According to a press release from the company, Teva Pharmaceuticals, one of the largest generic medicine makers in the world, has struck an agreement in principle to settle pending litigation over its alleged role in the national opioid crisis for $4.35 billion.
The statement claims that the settlement includes a ten-year commitment to supply $1.2 billion worth of Narcan, a medication that reverses opioid overdose. Over the next 13 years, the $4.25 billion will be doled out, including $100 million set aside for Native American Tribes.
The cases, as reported by The Wall Street Journal, accuse the firm of negligently marketing opioids as medicines without disclosing the associated hazards.
According to the press release, Teva anticipates that the agreement's paperwork will be "finalized within the coming weeks." The proposal also includes an option for signatories to forgo Narcan supply in exchange for a discount of 20%.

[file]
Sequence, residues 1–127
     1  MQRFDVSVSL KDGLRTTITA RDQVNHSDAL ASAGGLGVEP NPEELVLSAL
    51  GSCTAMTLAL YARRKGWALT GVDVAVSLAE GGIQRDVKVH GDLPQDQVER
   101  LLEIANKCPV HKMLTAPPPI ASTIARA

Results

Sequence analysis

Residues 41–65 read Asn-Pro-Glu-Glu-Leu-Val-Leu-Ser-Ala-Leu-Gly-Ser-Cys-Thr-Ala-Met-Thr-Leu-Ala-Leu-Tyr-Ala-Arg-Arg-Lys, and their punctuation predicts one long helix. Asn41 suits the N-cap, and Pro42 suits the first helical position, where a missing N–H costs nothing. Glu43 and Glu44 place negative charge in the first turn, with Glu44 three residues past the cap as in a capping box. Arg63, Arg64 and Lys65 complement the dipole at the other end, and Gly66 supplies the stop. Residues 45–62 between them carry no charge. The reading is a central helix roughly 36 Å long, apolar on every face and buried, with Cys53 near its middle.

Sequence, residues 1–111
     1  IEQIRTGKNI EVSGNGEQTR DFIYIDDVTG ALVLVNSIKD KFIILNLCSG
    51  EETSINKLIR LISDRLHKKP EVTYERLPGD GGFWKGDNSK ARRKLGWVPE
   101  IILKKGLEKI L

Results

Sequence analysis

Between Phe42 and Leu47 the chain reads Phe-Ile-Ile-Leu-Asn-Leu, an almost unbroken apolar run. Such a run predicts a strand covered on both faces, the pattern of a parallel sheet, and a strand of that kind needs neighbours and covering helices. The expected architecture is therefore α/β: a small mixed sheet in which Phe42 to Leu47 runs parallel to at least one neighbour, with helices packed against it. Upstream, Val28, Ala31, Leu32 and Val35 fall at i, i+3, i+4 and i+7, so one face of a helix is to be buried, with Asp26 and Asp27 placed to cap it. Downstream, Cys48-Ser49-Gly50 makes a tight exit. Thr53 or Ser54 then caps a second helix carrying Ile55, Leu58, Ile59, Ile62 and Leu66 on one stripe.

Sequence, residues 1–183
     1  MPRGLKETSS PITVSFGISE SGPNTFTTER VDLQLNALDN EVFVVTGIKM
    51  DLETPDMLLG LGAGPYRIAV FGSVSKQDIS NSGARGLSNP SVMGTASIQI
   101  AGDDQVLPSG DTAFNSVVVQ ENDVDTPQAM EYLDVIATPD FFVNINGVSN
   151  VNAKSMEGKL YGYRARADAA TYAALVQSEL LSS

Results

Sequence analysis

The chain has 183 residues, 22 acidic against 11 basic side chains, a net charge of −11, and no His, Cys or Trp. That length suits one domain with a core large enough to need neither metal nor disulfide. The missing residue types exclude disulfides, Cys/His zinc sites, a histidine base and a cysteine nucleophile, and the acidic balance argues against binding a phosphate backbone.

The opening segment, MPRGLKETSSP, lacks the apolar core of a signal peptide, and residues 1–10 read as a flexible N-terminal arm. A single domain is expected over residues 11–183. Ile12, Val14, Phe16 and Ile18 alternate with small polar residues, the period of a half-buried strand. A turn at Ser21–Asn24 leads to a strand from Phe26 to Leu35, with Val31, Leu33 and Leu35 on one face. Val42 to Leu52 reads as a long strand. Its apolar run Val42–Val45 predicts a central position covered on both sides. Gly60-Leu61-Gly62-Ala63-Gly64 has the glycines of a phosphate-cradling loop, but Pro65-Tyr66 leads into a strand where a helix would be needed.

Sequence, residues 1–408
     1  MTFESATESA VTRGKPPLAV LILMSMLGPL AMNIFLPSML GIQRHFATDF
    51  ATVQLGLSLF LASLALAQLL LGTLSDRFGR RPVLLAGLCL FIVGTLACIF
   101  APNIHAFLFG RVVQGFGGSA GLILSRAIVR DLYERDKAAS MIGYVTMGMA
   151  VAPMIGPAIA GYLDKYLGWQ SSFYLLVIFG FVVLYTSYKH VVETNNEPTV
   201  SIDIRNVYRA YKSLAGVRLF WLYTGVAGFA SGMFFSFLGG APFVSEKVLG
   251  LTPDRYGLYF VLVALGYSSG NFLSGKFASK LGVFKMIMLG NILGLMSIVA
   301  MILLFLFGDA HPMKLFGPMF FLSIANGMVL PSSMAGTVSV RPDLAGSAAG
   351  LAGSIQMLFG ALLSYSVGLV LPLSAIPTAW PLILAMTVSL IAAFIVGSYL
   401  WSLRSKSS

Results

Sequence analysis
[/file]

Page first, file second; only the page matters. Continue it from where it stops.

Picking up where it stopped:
According to the announcement, if the deal is implemented it will "resolve the vast majority of opioid-related claims and litigation" that Teva is involved in.
According to CBS News, proposed and final settlements related to the opioid problem total over $40 billion. Included in this total are the $21 billion in settlements reached by major medication distribution companies AmerisourceBergen, Cardinal Health, and McKesson, as well as the $5 billion reached by Johnson & Johnson earlier this year.
CBS News reports that in December, a jury in New York concluded that Teva was responsible for contributing to the opioid crisis in the state. Although New York is excluded from this proposed settlement, Teva stated in their press release that negotiations between Teva and New York are ongoing.
According to Teva, this preliminary agreement does not constitute a definitive settlement. According to The WSJ, Teva had previously proposed a nationwide settlement, but not enough states signed on to make the agreement binding.
For North Carolina's attorney general, Josh Stein, a final settlement "remains contingent on agreement on critical business practice changes and transparency requirements," the WSJ reports.
When reached for comment by the Daily Caller News Foundation, Teva did not immediately respond.
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